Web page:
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With career totals of 14 receptions and 228 receiving yards, it's easy to forget that Niles Paul was at one point a receiver.
During his final two years at Nebraska, Paul hauled in 79 catches for 1,312 yards.
Be that as it may, the only significant time Paul has seen as a Redskin has been on special teams. With the exodus of Mike Shanahan and the arrival of Gruden, though, there may be a window for Paul to change that.
Set to be a free agent after the 2014 season, the timing couldn't be any better.
As the offensive coordinator of the Cincinnati Bengals, Gruden made it a point to utilize two-tight end sets, especially on first downs. According to ESPN.com's John Keim, the Bengals used this set 229 times on first down in 2013. By comparison, the second-most utilized formation, the three-receiver set, was run just 112 times.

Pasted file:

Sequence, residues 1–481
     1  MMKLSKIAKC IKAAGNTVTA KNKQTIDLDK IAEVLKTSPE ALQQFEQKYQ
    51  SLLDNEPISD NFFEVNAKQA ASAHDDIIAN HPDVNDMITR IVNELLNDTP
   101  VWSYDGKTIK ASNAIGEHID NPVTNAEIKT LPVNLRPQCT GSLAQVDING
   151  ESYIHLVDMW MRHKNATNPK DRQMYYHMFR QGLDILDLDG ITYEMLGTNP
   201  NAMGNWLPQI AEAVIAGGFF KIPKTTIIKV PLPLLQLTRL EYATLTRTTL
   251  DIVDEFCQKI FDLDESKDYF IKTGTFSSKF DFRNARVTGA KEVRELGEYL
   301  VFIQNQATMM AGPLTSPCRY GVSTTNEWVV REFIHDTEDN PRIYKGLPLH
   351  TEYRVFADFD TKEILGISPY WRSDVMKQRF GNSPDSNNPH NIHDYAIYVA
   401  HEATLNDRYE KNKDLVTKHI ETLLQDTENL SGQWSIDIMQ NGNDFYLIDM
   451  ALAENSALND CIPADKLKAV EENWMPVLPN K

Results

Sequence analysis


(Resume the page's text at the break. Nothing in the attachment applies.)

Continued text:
With Jermaine Gresham and Tyler Eifert as the headliners, Cincinnati tight ends caught 88 passes for 925 yards last season.
Looking at Washington's roster, though, there's little weaponry at the position outside of Jordan Reed to warrant using such a tight end-heavy set.
Logan Paulsen, while a sturdy blocker, is a lumbering receiver who isn't going to test the seams of a defense in the manner of an Eifert or Gresham. As for rookie Ted Bolser, the Redskins simply have a younger version of Paulsen.
In his scouting report, NFL.com's Nolan Nawrocki detailed Bolser's deficiencies as a receiver: "Lumbering mover. One-speed route runner with minimal burst and acceleration to separate. Much of his production is schemed--creates little on his own."
This is where Paul comes in. While it's doubtful that a bulked up Paul still possesses the 4.51 40-yard dash speed he displayed prior to the draft, he's the most dynamic receiver Washington has to pair with Reed.
Factor in the promotion of former tight ends coach Sean McVay to offensive coordinator, and the ingredients are there for Paul to stand out in camp.